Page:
When: 8.30pm, Sunday
Where: TV One
What: Behind the black jersey
Drama pick: Mammon
Sky Arts' move into fiction increases this week with two European productions. Tonight is the debut of period drama Grand Hotel, set in an early 20th century aristocratic establishment and touted as Spain's answer to Downton Abbey. Possibly more addictive, especially for fans of Scandinavian thrillers is Mammon, a mini-series following journalists investigating embezzlement by Norway's political and banking elite. Reporter Peter Veras (Jon Oigarden, pictured) is caught up in the case which leads to his high-flyer brother Daniel - and with a minister father and Biblical title, there are abundant allusions to the story of Cain and Abel.
When: Saturday 8.30pm Where: Sky Arts
What: Nordic noir
Current Affairs Pick: Prime Time with Sean Plunket
Political junkies usually have to wait until those early weekend mornings to get their fix of the nation's leaders of the nation going under the grill. But with the election looming, Prime has wrangled Radio Live mid-morning host - formerly of The Nation, and Morning Report - into the studio for a Friday night political show. Its producers promise "topical and informative debate with a guest panel made up of politicians and prominent figures" with Plunket chairing a cross-fire debate among this guests. On the first show Paula Bennett ill be talking welfare. The show runs for nine weeks until the general election next month.
Prime Time with Sean Plunket
When: Friday 9.35pm
What: Political clinic
Issues pick: Nigel Latta: The Trouble With Booze
Having weighed in on the division between rich and poor and education, this week clinical psychologist turned TVNZ's new asker of the big questions turns his attention to the role of alcohol in New Zealand society - and its many ills. No doubt the show will include some sobering statistics - apparently we spend $85 million a week on booze for one thing. Latta's study takes him from the messiness of accident to emergency departments to the sadness of a terminally ill mother as well as as examination how the alcohol industry works and the big businesses that support, promoted and sell it.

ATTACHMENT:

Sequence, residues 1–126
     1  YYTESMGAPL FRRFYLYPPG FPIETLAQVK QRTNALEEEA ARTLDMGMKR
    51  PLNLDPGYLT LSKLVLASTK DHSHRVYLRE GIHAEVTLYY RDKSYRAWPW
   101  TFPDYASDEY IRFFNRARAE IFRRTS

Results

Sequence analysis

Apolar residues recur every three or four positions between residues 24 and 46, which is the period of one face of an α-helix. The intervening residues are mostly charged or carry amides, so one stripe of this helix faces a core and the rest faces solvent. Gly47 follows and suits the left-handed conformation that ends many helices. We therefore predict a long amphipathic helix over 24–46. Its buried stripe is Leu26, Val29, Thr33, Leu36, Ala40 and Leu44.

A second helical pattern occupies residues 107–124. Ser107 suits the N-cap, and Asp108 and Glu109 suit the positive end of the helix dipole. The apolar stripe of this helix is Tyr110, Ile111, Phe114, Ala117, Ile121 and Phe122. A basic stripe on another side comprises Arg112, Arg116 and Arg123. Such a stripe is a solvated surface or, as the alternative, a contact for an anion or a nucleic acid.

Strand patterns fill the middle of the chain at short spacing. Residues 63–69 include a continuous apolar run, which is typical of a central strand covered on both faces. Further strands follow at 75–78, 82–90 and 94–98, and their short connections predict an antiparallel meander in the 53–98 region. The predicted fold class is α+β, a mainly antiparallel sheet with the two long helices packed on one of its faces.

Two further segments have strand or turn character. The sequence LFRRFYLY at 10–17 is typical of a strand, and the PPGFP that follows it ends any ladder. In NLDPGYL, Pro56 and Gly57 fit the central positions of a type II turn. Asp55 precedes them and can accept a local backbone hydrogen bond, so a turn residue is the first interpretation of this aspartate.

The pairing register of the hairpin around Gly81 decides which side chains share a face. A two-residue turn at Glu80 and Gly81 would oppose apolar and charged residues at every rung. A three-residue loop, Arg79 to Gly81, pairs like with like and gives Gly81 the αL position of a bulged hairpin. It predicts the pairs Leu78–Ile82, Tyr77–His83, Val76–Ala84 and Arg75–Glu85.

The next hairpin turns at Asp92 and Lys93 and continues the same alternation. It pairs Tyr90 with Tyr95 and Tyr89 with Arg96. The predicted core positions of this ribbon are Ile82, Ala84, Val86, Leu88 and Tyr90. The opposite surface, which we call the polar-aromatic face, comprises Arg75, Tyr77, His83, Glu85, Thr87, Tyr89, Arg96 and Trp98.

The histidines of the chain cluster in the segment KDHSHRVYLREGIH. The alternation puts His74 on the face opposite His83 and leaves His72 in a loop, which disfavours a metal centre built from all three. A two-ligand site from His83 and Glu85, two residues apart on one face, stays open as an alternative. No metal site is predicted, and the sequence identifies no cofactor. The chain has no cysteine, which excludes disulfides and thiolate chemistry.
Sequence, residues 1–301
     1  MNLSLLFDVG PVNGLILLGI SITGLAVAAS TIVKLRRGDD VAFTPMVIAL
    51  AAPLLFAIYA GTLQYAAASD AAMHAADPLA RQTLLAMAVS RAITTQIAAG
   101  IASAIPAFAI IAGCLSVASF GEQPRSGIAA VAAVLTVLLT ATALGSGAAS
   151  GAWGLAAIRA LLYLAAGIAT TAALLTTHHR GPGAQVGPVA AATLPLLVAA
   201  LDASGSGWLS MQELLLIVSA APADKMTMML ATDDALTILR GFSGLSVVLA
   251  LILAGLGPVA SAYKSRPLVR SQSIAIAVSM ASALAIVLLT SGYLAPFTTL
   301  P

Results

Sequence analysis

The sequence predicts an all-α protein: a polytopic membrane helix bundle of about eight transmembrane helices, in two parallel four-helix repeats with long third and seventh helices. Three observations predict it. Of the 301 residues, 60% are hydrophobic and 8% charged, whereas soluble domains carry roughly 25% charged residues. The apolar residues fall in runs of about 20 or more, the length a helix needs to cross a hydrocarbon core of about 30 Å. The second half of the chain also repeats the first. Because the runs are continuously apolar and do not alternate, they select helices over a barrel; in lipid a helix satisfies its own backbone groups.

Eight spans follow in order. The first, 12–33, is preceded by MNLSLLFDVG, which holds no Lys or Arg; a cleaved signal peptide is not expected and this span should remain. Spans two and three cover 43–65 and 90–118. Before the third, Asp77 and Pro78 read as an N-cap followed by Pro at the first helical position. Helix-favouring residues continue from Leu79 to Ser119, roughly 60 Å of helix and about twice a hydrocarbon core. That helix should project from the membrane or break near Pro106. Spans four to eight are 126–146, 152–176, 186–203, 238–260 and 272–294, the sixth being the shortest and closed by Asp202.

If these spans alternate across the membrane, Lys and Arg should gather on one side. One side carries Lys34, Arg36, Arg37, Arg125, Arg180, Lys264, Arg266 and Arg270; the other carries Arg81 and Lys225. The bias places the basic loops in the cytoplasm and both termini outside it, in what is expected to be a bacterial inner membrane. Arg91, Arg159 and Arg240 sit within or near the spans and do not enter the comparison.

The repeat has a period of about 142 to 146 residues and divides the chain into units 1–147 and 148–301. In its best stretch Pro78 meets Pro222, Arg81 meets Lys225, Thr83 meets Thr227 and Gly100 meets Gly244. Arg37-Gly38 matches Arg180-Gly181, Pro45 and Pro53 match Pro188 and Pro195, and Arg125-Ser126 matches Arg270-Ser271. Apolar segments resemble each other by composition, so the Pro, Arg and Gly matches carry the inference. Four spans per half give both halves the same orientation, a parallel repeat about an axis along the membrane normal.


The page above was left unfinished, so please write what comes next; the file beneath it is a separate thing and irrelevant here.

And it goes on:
Nigel Latta: The Trouble With Booze
When: Tuesday 9.30pm
What: Applying that Latta'tude to alcohol
Comedy pick: Blandings
It's tally ho pip pip for a second season of Blandings, the 1920s comedy from the pen of the frightfully English P.G. Wodehouse about the life of Lord Clarence Emsworth who just wants to be left in peace with his beloved pig, the Empress. Timothy Spall returns as the eccentric Emsworth with Jennifer Saunders as his battleaxe sister Connie. The start of the second series involves the arrival of unwelcome house guest Duke of Dunstable (Harry Enfield), who wants to have Lord Emsworth committed for his pig obsession. Only, Emsworth's son Freddie forms similar plans for the Duke. And so begins another high class farce.
When: Sundays 7pm
What: More country house capers